As a designer/builder, even though it went against the trend, it was important for me to pay attention to the notion of “form follows function.” Too much modern architecture allows function to follow form. In other words if you have a “great-idea,” the functional aspect might become secondary. In some cases the installation might not be such a “great-idea” if problems develop later on.
Take the skylight on the following roof. While it might be considered cool to have a skylight in the vaulted ceiling above the entryway—-it is not such a good idea that it is located right in the path of the valley and gutter drainage above. Skylights already fight a sometimes deserved reputation for leaking, and to add this level of challenge to it seems a little risky.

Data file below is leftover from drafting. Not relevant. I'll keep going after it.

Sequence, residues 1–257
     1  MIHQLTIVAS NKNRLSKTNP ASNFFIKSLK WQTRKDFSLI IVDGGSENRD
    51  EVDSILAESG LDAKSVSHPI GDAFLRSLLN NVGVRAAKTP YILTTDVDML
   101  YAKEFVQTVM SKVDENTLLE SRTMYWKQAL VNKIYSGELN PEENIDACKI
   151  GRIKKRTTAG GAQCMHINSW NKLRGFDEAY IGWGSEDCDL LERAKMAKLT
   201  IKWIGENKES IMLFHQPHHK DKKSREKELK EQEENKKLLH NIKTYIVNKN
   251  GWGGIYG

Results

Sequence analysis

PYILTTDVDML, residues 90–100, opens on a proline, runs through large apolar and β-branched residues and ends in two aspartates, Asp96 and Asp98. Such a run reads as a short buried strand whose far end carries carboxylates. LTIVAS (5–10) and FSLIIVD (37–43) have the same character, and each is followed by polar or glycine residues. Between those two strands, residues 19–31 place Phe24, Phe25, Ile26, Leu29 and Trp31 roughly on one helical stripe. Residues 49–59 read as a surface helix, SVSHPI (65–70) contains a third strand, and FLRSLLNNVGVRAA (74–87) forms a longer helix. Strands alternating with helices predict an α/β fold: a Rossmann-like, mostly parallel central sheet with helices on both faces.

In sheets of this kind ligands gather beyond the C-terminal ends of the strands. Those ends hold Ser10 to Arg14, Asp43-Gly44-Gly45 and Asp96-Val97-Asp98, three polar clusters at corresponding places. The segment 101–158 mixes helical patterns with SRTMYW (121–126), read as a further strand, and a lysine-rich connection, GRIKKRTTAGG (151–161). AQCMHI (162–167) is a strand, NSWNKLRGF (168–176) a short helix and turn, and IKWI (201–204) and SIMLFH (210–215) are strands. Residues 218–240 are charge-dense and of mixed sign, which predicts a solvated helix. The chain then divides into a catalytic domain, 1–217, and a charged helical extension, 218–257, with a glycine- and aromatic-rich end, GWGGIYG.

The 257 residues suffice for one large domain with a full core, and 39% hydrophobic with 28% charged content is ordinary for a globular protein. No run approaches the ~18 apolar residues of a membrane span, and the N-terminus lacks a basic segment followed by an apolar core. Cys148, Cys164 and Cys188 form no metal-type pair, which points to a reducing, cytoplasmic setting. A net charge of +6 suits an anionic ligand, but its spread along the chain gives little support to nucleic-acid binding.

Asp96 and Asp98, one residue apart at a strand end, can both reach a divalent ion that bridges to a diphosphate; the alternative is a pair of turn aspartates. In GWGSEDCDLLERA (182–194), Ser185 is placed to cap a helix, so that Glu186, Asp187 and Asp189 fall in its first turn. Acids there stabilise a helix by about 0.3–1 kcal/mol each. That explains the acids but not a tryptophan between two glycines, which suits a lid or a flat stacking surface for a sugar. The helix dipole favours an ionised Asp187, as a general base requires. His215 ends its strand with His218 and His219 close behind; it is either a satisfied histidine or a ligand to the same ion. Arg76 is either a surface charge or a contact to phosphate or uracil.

Way back when this home was just scratches of ideas on a piece of paper, someone had to make the decision that this would not be a problem—-or that somehow magic would happen—or perhaps they just ignored the problem. I would have been better to have figured out a way to deal with it at the design stage than years latter when the only solution might be to eliminate the skylight (not a bad choice in my opinion either). I would rather see light for these kinds of designs be provided by clerestory windows than skylights.
Another way these types of installations come to be is that during construction someone says,“Hey, wouldn’t it be cool to have a skylight here in the entryway?” So, it gets added without fully evaluating all the ramifications.
Charles Buell, Seattle Home Inspector
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